Over at Writing While the Rice Boils, Debbie Maxwell Allen asked about summer writing goals, prompting me to think about mine. Lately, I've been immersed in my job and family, letting my writing drift a little. So, this seems like a good time to think about what I want to accomplish this summer and get myself back on track.

1. Finish revising The Grand Chef's Apprentice. For those of you following my blog, yeah, this is the book I've affectionately referred to as Novel #4. I've finally decided on a title! I know, it's taken me so long that it should be a cause for celebration.

2. Test the recipes to include in my novel. Yum...this sounds like fun! Maybe I'll do this first.

3. Begin querying The Grand Chef's Apprentice. I even have a query letter written, thanks to my awesome critique buddies.

4. Begin my new project. I even wrote a plan for it, back in March, when I thought I might have time to get started.

If I got these four things done this summer, I'd be happy, and anything else would be icing! Do you have any summer goals?

Wednesday, June 8, 2011

V is for Voice: It Might Sell Your MG Novel

Voice is tricky to define, and even trickier to pin down when you’re writing. But editors and agents often say one of the key things they look for in a manuscript is a strong or unique voice. What does that mean?

Voice has been defined as the specific way that you, the writer, put words together so that your writing shows some personality. In novels where the narrator has a strong voice, the writing sounds natural. As a reader, you don’t notice that you’re reading words on a page. You’re in the story and the mind of the main character.  And if that novel is a MG novel, the story sounds like it comes from a real kid, not an adult.
I know this sounds obvious, but if you’re not an eight- to-twelve-year-old yourself, it’s easy to write something you think sounds like MG, but actually doesn’t. How can you develop your middle grade voice?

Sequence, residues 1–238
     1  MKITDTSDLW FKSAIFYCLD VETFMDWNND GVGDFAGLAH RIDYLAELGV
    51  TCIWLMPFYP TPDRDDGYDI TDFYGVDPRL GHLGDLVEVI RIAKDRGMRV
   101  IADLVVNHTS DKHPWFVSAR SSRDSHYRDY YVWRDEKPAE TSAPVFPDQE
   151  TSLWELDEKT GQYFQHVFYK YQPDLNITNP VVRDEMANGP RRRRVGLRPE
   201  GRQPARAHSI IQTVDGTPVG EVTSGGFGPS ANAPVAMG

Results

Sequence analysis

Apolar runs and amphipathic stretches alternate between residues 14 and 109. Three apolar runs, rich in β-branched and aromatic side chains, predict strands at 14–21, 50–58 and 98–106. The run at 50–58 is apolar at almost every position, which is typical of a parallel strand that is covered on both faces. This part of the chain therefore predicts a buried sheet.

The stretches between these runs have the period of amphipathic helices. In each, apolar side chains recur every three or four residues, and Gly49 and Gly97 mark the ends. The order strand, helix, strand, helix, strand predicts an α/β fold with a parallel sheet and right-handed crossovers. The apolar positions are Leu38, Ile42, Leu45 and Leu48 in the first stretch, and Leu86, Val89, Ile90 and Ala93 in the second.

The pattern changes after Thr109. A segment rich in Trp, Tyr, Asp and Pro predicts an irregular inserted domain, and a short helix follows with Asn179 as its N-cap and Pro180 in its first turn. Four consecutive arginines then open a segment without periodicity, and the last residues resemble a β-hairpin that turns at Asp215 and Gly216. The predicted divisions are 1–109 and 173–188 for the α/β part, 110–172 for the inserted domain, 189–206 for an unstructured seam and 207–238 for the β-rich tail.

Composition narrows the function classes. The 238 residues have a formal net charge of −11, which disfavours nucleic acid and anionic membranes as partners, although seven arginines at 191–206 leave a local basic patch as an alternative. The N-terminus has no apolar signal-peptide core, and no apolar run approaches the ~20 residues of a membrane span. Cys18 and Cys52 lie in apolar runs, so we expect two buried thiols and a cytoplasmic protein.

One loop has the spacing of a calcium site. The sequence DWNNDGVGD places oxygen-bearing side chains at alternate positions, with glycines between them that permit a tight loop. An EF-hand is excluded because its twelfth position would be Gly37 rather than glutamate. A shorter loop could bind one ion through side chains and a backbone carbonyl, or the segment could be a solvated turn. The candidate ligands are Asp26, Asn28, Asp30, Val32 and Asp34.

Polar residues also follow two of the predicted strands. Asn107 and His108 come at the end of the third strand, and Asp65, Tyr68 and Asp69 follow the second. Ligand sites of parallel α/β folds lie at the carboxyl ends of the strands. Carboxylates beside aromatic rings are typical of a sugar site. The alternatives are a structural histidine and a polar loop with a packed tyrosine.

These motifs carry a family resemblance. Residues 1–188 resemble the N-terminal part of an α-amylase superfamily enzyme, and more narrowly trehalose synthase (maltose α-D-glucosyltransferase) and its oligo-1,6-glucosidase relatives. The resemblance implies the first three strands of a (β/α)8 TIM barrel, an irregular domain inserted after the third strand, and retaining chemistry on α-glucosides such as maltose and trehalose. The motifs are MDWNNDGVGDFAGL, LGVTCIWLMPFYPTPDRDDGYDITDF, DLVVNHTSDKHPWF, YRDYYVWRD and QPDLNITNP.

Think like a kid as you write. When you’re writing, you really need to see the world of the story and the story events through the eyes of a middle grade character. Kids and adults don’t notice the same kinds of things. They don’t talk the same way. They don’t react the same way. As much as you can, you need to take on that “kid perspective”.
Read middle grade fiction. One of my best tips for writing MG fiction is to read a lot of it. It gives you a feel for the language structures and style of speaking that 8- to-12-year-olds actually use. I know my own writing took a huge leap forward when I started reading more books written for the age level I’m actually writing.

Practice. I practice writing with a MG voice. I write about issues relevant to kids from my character’s point of view. Even if I don’t use my character’s opinions on whether they should be allowed to play more video games in my novel, I find that writing about them really helps to build that middle grade reader perspective.

What do you do to bring out your middle grade voice?

Links:

Anna Staniszewski writes on finding your middle grade voice.

At the SCBWI 2010 Conference blog, you’ll find some thoughts on voice from Jennifer Rees.
Here's a great post on voice from Notes from the Slushpile called Finding Your Voice: An SCBWI Master Class with Beverley Birch by Addy Farmer (added September 2011)

Miriam Forster has an interesting series of blog posts on voice, beginning with the difference between a writer’s voice and the character’s voice.

At Word Play, K.M. Weiland also discusses the differencebetween author voice and character voice.

Alexandra Sokoloff began a great discussion about voice with her blog post That Elusive Voice.

Lynda R. Young gives some strategies for developing a unique voice.

At MiG Writers, Debbie Ohi talks (and draws) about writers and voice.

Jeff Hirsch writes about a strategy for developing voice at The League of Extraordinary Writers.